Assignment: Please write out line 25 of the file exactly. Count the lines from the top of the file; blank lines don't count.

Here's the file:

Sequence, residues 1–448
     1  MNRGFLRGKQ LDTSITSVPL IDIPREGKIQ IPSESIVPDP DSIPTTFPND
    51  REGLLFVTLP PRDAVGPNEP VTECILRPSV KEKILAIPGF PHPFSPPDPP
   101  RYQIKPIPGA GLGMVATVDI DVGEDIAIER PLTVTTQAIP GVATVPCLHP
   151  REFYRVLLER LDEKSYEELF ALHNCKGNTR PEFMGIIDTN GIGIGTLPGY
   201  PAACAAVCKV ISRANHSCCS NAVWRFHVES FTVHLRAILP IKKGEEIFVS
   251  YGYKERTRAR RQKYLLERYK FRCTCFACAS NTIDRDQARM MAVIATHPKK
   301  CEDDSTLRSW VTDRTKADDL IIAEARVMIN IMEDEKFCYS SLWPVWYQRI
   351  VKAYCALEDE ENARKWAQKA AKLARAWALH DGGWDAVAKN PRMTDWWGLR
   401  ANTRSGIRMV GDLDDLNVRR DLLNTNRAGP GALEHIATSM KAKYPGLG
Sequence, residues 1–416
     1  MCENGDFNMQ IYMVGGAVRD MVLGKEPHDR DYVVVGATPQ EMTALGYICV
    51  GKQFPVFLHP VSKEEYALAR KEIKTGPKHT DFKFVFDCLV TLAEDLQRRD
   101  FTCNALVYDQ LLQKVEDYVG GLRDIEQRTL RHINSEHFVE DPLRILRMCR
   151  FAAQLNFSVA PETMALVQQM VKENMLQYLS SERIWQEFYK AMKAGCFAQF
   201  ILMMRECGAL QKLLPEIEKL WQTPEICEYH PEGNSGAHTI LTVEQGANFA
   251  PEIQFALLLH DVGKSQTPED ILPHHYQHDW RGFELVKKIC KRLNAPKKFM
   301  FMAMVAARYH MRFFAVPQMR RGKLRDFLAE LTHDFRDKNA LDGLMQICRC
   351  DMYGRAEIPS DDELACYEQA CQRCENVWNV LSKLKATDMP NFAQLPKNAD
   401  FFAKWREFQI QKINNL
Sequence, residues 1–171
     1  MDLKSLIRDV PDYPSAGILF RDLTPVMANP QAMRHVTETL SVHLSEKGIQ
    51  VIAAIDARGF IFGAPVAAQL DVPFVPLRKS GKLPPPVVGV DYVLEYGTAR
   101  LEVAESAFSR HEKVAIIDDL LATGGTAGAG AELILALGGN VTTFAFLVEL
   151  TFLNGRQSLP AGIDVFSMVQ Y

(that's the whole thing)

   151  TFLNGRQSLP AGIDVFSMVQ Y